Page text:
“Like Water for Chocolate” by Laura
Esquivel tells the story of the youngest daughter from a family that lives in
Mexico. Tita De La Garza’s title as the youngest daughter comes with
restrictions based on old tradition. One of the main things that Tita cannot do
is get married. The tradition is kept in play by her mother, Mama Elena. The
man that Tita loves is named Pedro and he wanted to marry Tita, however, since
the family was still ruled by the old tradition they were not allowed to marry.
Instead, Pedro married Tita’s sister, Rosaura.

Pedro only married Rosaura so that
he would be able to stay near Tita. When Pedro and Rosaura moved into the
ranch, Tita cooked a meal for Pedro using petals of a rose that he had given to
her. The force of their love was felt through the food and this caused her
sister to become lustful and she runs away from the ranch with a soldier from
the revolution. The marriage between Pedro and Rosaura produced a baby boy
named, Roberto, who was delivered by Tita. Tita ends up treating Roberto as if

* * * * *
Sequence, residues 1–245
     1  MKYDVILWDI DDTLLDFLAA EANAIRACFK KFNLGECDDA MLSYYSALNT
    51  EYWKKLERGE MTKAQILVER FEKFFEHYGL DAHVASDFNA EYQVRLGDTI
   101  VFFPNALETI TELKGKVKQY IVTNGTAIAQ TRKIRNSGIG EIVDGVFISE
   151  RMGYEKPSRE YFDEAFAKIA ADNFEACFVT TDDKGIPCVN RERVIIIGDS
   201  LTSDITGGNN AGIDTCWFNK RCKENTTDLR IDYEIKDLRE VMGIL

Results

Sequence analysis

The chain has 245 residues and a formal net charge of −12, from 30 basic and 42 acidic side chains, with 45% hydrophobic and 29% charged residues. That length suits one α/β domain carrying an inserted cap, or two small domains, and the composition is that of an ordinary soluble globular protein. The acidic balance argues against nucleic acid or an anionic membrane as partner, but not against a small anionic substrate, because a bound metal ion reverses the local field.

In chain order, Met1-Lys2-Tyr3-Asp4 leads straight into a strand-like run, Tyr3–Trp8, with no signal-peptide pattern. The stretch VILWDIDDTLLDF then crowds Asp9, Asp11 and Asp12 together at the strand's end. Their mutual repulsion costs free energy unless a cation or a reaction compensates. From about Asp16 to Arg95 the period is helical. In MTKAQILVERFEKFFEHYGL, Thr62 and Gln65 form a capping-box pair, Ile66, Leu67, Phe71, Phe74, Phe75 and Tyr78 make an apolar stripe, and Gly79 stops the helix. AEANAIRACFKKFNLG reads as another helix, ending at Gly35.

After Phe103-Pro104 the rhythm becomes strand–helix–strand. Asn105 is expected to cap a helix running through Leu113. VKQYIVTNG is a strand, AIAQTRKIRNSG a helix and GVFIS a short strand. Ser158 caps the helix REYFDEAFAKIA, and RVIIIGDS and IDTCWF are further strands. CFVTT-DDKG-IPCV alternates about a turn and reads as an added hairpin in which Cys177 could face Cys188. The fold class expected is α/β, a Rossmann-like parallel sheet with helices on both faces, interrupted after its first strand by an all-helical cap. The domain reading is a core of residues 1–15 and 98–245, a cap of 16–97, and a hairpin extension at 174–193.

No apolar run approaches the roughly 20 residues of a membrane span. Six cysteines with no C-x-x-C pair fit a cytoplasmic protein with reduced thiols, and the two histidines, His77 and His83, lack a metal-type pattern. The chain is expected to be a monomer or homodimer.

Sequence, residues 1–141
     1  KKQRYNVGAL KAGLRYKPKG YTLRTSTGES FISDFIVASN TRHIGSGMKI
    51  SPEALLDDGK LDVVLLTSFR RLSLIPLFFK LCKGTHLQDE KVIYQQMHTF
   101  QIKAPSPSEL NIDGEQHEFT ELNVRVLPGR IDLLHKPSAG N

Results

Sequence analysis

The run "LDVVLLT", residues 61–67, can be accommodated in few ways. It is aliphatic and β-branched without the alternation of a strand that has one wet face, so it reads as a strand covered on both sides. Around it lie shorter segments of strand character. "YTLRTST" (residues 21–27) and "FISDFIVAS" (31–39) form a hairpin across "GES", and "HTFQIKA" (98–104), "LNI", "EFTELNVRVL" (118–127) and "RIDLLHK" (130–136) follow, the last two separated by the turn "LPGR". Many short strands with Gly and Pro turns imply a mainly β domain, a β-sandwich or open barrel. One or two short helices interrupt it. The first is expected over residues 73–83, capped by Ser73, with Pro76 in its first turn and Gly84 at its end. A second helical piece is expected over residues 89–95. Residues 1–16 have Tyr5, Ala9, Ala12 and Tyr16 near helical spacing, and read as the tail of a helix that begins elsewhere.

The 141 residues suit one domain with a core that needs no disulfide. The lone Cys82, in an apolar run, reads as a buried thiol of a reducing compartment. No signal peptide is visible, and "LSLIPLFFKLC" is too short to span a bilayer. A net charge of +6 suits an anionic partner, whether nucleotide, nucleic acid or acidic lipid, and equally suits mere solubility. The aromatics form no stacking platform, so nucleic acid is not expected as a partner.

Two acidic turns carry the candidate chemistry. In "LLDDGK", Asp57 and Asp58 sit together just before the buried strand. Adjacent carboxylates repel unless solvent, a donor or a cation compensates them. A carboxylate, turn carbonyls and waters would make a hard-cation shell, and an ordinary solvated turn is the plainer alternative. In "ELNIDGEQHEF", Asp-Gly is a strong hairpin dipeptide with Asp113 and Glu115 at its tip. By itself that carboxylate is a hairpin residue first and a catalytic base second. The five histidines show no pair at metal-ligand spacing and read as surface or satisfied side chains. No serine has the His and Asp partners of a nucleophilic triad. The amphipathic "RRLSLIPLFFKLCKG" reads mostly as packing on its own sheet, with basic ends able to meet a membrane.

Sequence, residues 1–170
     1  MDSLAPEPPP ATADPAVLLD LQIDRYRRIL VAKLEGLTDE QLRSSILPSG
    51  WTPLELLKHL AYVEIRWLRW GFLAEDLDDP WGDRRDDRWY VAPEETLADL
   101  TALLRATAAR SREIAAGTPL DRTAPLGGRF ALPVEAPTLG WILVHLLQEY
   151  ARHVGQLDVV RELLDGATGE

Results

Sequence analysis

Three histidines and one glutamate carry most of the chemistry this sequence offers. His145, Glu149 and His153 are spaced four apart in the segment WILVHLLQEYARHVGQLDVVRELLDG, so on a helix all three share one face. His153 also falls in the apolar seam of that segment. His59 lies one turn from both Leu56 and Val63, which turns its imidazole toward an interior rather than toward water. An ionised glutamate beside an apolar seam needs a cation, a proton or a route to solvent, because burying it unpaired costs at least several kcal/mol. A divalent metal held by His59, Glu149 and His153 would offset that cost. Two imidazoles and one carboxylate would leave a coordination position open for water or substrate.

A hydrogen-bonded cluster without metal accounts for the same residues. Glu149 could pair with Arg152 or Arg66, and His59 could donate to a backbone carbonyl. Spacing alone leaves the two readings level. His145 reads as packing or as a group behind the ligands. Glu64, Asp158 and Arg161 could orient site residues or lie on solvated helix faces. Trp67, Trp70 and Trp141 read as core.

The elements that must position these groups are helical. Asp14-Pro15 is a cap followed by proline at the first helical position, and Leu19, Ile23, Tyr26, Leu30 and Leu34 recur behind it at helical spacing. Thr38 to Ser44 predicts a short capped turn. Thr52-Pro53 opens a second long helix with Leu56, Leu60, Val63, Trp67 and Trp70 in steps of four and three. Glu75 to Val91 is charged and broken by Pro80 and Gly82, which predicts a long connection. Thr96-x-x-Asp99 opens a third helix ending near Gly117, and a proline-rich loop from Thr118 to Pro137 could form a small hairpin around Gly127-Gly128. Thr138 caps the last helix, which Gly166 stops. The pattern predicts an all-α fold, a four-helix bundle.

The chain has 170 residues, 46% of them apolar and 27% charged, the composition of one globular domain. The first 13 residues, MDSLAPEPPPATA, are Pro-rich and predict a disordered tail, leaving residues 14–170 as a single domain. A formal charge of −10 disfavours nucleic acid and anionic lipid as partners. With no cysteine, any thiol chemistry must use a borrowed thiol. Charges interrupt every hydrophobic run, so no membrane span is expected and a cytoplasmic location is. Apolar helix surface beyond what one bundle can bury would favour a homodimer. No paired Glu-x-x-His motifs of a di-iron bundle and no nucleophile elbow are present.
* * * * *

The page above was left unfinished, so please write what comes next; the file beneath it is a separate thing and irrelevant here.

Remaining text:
he was her own child and even nursed him using her own breast milk that she was
able to produce while Rosaura was unable. Eventually, Mama Elena realizes the
deep connection that is growing between Tita and Roberto and sends the small
family away. Roberto eventually dies because of the separation between him and
Tita. This caused Tita to have a mental breakdown that led to her being sent to
an asylum.

Dr. John Brown is the doctor that
helped Tita get better after allowing her to live in his house. As Tita was
recovering she decided that she was never going to return to the family ranch
because of all the negative associations that she has with it. However, she is
forced to return when she hears the news that Mama Elena had been injured in a
raid led by rebels. Her return home was not greeted warmly by her mother, who